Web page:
An appreciation and understanding of the differences between the two will aid in accurate and authentic performance of both. Cajuns ("Acadians," French Canadians exiled from Nova Scotia) came to central and southwest Louisiana in the 18th century. Cajun music revolved around the fiddle and the single row button accordion. Like a harmonica with bellows, the German style (single row button) accordion has a fixed and limited range, pro-harmonically and structurally simple music. Traditional Cajun rhythmic accompaniment involved stomping the floor on beats 1 and 3 (in 4/4 time) while playing a homemade triangle called the "tee frere" ("little brother"). In addition to 4/4 tunes, Cajun music includes many songs in waltz time (3/4), often subdivided into a 9/8 feel (3/4 with a triplet pulse) or played as a 3/4 shuffle (with an eighth note triplet pulse, but with the middle eighth note of the triplets omitted).
Zydeco has its roots in African and Caribbean music and the Creole culture (Creoles being the racially mixed offspring of Europeans, American Indians, and Africans). The two leading instruments in Zydeco are the multi row button accordion (which includes sharp and flat accidentals) or the keyboard accordion, and a percussion instrument called a "frottoir", a Rubboard often worn on the chest. Invented in the '40s by Willie Landry and accordion player Clifton Chenier (for his brother Cleveland Chenier), it has become Zydeco"s signature rhythmic voice. With the Rubboard up front and dictating the rhythm, the style evolved into a more up tempo music, with the drummer and bass player powerfully driving the band. Zydeco music is predominantly played in 4/4 (shuffled or straight), with fewer 3/4 (and far fewer 9/8) time signatures than Cajun music.
The term Zydeco is attributed to the accordion legend Clifton Chenier, who popularized the song "Les Haricots Sont Pas Sales" ("The Beans Aren't Salty"). "Les Haricots" (pronounced "lay zarico") evolved into the term Zydeco. Though the music maintained marked differences well into the 20th century, Cajun and Zydeco cultures began to blend as far back as the early 1900s when rural African American laborers invented "Jure," a style which mixed singing, praying, hand clapping, and dancing. Shortly after, Jure began to fuse with Cajun music to form "La La" (Creole French for "House Dance").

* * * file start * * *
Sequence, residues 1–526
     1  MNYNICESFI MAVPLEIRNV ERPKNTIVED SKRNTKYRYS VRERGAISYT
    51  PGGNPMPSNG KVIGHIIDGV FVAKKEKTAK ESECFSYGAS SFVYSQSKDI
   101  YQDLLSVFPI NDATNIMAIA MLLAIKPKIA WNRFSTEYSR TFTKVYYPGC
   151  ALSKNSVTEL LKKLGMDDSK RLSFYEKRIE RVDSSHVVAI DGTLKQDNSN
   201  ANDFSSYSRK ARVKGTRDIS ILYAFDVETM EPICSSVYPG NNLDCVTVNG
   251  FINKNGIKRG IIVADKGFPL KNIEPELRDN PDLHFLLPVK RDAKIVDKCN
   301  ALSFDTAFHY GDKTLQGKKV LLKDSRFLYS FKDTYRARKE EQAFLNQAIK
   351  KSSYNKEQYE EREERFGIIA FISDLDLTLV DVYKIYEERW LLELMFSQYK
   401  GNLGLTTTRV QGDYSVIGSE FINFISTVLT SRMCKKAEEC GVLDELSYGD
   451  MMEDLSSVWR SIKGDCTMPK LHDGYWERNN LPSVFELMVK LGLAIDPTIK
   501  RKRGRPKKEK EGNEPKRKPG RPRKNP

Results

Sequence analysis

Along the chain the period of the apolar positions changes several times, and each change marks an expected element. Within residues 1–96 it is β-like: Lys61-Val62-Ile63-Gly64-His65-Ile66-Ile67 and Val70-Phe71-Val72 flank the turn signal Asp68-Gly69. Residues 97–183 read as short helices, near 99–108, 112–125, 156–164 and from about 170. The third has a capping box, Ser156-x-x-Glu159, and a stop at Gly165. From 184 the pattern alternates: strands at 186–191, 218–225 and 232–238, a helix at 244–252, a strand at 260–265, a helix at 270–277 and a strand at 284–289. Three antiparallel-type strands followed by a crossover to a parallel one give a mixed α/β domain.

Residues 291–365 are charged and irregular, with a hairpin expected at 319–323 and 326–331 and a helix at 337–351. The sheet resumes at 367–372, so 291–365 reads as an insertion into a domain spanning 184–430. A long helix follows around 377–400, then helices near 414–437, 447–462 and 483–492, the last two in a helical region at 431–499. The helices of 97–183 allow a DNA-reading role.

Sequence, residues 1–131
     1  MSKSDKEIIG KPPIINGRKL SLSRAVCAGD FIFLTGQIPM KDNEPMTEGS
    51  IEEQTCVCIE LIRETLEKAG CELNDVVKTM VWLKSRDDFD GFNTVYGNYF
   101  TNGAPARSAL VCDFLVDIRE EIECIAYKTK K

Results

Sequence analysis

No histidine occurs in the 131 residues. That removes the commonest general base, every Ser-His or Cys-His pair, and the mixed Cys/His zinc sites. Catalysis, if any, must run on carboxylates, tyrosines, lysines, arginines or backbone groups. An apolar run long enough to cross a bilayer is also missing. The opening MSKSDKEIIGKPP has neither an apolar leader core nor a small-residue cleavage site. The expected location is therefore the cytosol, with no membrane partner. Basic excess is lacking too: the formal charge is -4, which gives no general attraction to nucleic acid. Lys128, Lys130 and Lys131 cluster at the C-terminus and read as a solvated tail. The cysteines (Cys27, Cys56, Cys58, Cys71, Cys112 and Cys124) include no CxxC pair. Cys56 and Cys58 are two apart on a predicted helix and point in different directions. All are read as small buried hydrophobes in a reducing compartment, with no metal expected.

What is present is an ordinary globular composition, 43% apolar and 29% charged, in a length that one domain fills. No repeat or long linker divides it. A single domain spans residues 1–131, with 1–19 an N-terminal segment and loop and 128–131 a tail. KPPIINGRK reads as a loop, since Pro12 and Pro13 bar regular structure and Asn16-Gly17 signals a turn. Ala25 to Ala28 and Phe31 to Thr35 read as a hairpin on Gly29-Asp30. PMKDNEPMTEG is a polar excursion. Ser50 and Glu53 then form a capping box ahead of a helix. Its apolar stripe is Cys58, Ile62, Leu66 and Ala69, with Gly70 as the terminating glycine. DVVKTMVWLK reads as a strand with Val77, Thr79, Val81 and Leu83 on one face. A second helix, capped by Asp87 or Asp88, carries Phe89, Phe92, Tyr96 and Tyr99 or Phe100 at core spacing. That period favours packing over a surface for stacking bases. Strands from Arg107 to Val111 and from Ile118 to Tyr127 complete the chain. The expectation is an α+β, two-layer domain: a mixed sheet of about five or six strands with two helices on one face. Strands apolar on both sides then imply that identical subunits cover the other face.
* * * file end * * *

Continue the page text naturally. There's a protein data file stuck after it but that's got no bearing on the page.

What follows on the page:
These early styles featured percussion instruments such as spoons, washboard with a notched stick, the fiddle, and the accordion. The influence of Country music and Rhythm & Blues in the early 1950s brought the electric guitar, electric bass, and drum set into the ensemble. Although Cajun and Zydeco music developed separately, by the mid 1980s both styles were often played by the same bands, some of which brought Cajun and Zydeco to worldwide recognition.
Its popularity continues as evidenced by Cajun and Zydeco festivals and acclaimed bands/musicians such as Beausoleil. As both styles are dance music, the role of the drummer is to establish a strong sense of time with a loud back beat. The most important characteristic in distinguishing between Cajun and Zydeco is that the Zydeco rhythm section is more active than the Cajun rhythm section.
Both Cajun and Zydeco incorporate a standard drum set format with the ride hand primarily playing the ride cymbal. Cajun and Zydeco bands often mix both genres freely when performing, but almost never within the same song. The tempo range is generally bright at quarter note = 160-240 bpm.
By Eric Starg. The difference between Drum Mics and Studio Drum Mics, along with different types of Drum Sticks is discussed at Drum Solo Artist forum.